The Pakistan Cameron knows
Cameron’s remarks are arguably ineffective and aptly demonstrate a glaring lack of consideration for attempts made by Pakistan to eradicate terrorism.
It all began ten years ago when two Boeing 767's tore into New York’s World Trade Center and another plane rear-ended the Pentagon. The US administration instantly inferred that Afghanistan was culpable for the attacks and hence sought Pakistan’s cooperation to orchestrate a counter-attack. It summoned the director general of ISI, Lt. General Mehmood, and Pakistan’s ambassador to Washington, Maleeha Lodhi and asked them to choose their loyalties in this looming war on terror.
This ultimate choice may have favored the US administration but its adverse ramifications on Pakistan’s global image have intensified. We are now a proverbial battleground where safety is as scarce a commodity as serenity. Our exchequer is being exploited to fund operations that initiate death rather than solutions. To cut a long story short, we have permitted our terrain to be used to combat militancy whilst grappling with diminishing tourism-based revenues. And now – as if our sacrificial tendencies were not a strong enough testament of our commitment to the war on terror – Islamabad has been falsely accused by British Prime Minister David Cameron for propagating terrorism through what could be termed a ‘lax attitude’.
Declarations of this nature shape the context for dissension and therefore lack the potential for resolving the legacy of terror campaigns that have afflicted Pakistan. They are intrinsically subjective and are reflect an oversimplified view of one of the world’s most perilous regions. Furthermore, the dearth of sophistication evident in such statements is indicative of an immense disregard for Pakistan’s efforts in combating terrorism and, concurrently, grappling with an array of multifaceted problems. Therefore, any justification posed by High Commissioner Adam Thomson on Cameron’s remarks portrays nothing but a cover for the reckless expression of a specious claim.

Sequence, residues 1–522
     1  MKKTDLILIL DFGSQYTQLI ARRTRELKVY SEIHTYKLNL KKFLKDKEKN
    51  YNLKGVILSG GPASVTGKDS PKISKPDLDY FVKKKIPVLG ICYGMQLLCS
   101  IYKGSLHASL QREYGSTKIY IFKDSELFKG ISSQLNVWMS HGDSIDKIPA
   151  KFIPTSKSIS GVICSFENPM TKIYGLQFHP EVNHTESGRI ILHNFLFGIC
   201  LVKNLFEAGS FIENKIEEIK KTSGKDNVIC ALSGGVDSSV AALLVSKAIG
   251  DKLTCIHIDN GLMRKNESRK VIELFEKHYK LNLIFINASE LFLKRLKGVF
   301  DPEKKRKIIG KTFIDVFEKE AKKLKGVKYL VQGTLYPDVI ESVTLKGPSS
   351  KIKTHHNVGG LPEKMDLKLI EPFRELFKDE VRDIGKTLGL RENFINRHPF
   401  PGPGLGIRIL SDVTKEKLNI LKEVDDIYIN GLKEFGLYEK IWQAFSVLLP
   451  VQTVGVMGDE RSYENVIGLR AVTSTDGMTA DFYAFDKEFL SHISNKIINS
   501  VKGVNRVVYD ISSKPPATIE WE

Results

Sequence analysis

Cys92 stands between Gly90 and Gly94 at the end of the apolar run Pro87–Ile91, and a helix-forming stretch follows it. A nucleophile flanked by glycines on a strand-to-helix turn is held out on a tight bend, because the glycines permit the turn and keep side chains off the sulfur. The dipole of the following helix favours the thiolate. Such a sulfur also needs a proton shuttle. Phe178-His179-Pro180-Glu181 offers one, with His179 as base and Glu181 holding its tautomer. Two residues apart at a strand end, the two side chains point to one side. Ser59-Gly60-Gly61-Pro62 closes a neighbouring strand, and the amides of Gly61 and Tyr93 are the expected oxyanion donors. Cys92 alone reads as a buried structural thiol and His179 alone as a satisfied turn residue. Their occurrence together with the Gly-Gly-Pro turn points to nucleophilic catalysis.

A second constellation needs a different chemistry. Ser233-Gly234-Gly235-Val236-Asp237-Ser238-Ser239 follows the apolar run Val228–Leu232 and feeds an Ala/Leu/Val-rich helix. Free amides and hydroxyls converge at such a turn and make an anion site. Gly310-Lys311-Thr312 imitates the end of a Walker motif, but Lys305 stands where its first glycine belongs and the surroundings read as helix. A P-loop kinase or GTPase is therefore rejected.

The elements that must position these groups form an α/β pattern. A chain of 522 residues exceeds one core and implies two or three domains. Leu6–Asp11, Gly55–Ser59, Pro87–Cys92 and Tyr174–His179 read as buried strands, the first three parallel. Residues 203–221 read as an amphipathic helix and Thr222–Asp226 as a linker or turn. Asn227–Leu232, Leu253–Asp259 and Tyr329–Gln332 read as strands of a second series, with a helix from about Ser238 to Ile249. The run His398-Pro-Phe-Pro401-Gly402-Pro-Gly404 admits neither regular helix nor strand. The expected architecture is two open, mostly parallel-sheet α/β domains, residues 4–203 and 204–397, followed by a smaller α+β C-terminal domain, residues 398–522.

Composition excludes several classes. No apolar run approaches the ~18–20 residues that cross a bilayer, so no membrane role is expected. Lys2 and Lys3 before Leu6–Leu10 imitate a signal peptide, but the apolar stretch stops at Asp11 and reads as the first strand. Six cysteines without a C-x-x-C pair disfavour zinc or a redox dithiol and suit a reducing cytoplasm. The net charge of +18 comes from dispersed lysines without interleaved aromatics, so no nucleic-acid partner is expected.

A dispassionate analysis of Cameron’s remarks will depict that they have simply been phrased badly. Perhaps the British Prime Minister is alluding to a specific instance – possibly the perpetrator of the Times Square car bomb attempt – where this point of view holds water. But despite this theoretically sound judgment, he falls short of clarity and creates a misnomer which cannot be easily forgiven as it assails the integrity of Pakistan’s international relations - especially after he reiterates that he had given a "pretty clear and frank answer" to a straight question which he does not regret at all.
In addition, Cameron’s comments also imply that the region’s internal problems are fundamentally immaterial as compared to the war on terror. Such implications can be deleterious particularly when the death toll resulting from the flood situation in many far-flung regions has risen exponentially and numerous settlements still stand the risk of flooding. In the event of this catastrophe, it is best that Pakistan consolidates its think-tanks to implement relief efforts rather than embroil itself in a confrontation against militancy. After all, was it not the Iraq war that weakened the ability of the US to make provisions for emergency contingencies when Hurricane Katrina struck?
Thus, Cameron’s remarks are arguably an ineffective statement that aptly demonstrates a glaring lack of consideration for attempts made by Pakistan to eradicate terrorism in the past. In any case, a country who offers its turf for guerilla warfare is bound to be home to extremist elements. But it is entirely incorrect to suggest that a people – whose lives have been ruptured by a war that they will not profit from – are terrorists just because they desire national security.